Centuries old giant clock working again at stately home near Sheffield after repairer gets things ticking again

Time had stood still at South Yorkshire’s 18th century stately home Wentworth Woodhouse. That was until clock repairer Andrew Bates got things ticking.

Thursday, 29th July 2021, 10:49 am

The giant, two-faced timepiece which marked the hours for nobles and workers alike from the mid 1700s will work again thanks to horologist Andrew, who repaired the clock mechanisms and hands free of charge.

The timepiece at Wentworth is the oldest Andrew has ever worked on. He discovered it was made in 1710 by Warwick master clockmaker Nicholas French and pre-dates home’s famed frontage, which took from 1730 and 1760 to build.

“I like to think the Marquess bought it on his travels and kept it until he found exactly the right place for it,” says Andrew, whose business Bygone Times is based in Elsecar Heritage Centre,

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The clock on the famed Palladian frontage at Wentworth Woodhouse

“It’s an honour to restore important items of local history and this is a beautifully made clock.

“Nicholas French put real care into it. There are some lovely flourishes on the mechanical pieces which he took the time to do, even though they would only ever be seen by another clock restorer.”

The clock stopped working in the 1950s and reputedly its four bells last chimed for the funeral of Peter the eight Earl Fitzwilliam. Peter died in a plane crash in 1948 with Kathleen Kennedy, sister of John F Kennedy.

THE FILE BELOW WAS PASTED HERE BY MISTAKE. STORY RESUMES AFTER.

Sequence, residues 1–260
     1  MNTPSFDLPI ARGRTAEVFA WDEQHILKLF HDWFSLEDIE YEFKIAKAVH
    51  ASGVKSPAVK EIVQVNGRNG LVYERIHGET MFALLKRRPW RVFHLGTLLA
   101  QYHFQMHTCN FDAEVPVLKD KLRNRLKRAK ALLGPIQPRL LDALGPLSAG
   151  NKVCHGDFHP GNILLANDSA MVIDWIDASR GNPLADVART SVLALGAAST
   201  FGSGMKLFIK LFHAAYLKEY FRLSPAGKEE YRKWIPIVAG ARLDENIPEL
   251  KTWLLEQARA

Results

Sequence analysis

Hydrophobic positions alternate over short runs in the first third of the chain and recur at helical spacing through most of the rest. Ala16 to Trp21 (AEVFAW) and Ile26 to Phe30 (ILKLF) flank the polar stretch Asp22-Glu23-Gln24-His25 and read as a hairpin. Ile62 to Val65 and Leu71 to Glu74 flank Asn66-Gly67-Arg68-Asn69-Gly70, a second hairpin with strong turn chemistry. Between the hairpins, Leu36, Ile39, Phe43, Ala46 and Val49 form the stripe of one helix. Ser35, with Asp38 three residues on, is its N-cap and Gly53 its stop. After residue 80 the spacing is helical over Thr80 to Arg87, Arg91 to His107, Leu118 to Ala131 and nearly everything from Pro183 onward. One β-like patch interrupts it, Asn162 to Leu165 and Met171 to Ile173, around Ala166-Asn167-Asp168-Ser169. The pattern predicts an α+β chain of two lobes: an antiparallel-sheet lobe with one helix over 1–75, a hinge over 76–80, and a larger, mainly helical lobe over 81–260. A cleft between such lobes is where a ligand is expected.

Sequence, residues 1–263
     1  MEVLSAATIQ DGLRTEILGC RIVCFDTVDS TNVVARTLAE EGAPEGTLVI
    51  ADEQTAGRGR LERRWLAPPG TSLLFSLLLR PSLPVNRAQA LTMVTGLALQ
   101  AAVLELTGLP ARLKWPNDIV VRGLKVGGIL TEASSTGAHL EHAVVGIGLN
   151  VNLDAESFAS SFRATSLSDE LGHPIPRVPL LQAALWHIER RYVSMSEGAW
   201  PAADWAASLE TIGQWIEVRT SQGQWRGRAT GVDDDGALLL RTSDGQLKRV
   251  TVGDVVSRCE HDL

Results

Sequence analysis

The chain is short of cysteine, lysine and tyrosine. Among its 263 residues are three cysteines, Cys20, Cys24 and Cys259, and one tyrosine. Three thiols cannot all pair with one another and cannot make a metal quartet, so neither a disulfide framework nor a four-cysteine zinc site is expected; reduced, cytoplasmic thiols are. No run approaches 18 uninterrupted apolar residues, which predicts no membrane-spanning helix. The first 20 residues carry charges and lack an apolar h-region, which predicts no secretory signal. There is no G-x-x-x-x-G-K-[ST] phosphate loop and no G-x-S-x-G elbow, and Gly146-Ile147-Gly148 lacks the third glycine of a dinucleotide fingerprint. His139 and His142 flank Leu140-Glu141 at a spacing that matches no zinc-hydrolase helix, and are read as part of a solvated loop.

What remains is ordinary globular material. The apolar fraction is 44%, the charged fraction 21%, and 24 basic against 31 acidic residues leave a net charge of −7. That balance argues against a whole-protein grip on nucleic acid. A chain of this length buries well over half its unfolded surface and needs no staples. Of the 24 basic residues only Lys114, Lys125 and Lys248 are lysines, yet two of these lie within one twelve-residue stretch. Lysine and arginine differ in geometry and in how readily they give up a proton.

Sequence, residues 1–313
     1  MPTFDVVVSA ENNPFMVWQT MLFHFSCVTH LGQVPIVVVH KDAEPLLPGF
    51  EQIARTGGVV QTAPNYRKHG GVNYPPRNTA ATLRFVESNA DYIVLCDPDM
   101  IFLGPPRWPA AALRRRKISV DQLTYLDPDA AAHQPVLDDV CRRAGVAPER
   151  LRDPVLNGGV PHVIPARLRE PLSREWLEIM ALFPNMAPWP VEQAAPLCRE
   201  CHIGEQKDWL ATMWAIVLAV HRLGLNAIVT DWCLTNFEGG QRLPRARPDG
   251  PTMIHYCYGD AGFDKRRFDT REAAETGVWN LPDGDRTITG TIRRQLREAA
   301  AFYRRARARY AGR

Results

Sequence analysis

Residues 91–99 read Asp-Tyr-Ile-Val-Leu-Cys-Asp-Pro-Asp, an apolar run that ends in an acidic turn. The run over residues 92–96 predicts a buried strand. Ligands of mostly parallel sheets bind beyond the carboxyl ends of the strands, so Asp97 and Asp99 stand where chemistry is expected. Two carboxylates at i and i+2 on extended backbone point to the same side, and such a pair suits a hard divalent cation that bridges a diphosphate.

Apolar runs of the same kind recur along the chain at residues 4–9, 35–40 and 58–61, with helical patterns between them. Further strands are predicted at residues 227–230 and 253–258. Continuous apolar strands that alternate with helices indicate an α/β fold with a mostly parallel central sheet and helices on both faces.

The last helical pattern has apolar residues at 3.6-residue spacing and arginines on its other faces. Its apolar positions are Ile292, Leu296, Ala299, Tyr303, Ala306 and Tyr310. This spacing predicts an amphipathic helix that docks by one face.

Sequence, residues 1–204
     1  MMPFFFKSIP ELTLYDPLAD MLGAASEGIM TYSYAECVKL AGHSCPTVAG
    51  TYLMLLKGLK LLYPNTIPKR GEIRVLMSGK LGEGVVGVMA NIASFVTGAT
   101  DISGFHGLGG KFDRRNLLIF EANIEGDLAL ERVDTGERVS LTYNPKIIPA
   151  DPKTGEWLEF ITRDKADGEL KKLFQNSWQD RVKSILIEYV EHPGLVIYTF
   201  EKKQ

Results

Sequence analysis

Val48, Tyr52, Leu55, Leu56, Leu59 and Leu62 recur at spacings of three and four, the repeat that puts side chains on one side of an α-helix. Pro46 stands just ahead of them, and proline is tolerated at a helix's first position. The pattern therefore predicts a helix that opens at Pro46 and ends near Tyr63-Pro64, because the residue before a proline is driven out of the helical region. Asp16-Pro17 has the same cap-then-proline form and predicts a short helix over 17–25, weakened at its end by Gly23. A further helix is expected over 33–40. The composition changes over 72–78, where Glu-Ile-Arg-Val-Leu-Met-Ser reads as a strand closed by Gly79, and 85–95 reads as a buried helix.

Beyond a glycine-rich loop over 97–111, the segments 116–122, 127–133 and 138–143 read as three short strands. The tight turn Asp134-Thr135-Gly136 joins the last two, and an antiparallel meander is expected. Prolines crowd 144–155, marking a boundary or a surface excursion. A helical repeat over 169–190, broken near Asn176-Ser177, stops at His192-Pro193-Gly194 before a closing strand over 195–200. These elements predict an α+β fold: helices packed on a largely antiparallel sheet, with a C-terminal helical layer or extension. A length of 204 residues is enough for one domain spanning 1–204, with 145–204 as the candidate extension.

The clock is part of repairs made to the neglected Grade I listed mansion since a Preservation Trust took over in 2017.

Clock restorer Andrew Bates at work on a timepiece substantially smaller than the Wentworth Woodhouse clock

“The only reason it wasn’t working was because it was very mucky and hadn’t been serviced since the 1950s. Plus one of the weights had been replaced with a car drum brake,” he said.

Each cast iron wheel, pinion and bell hammer has now been cleaned and repainted its original green colour to prevent rusting. Hammers operated by pins on a wheel now work again, chiming the bells every 15 minutes, and the huge hands have been re-gilded with real gold leaf, which does not tarnish over time.

Two new faces - each 52 inches in diameter - have been created by specialists Jericho Joinery, appointed by Donald Insall Associates, architects overseeing the North Pavilion project.

Harriet Sharman, a conservation specialist currently working with Pinnacle Conservation, gilded the numbers onto the clock faces and the outer rings.

The Wentworth Woodhouse North Quadrant clock in pieces.

It has also been a bit of a family affair, said Andrew. “My son Alex helped me get it back onto the tower. We love Wentworth Woodhouse and are all proud to have had an involvement.”

Andrew’s passion for repairing clocks began decades ago with a Napoleon’s hat’ mantel clock he bought at a car boot. He was a dental technician at the time and tried but failed to get it working.

He began collecting more clocks and trying to fix them. “After a few years I decided to train with the British Horological Institute near Newark and after getting my qualifications I set up the business. It’s very satisfying; there’s absolutely no clock you can’t get going.”

The old dials being replaced and the metalwork and mechanics restored by Bygone Times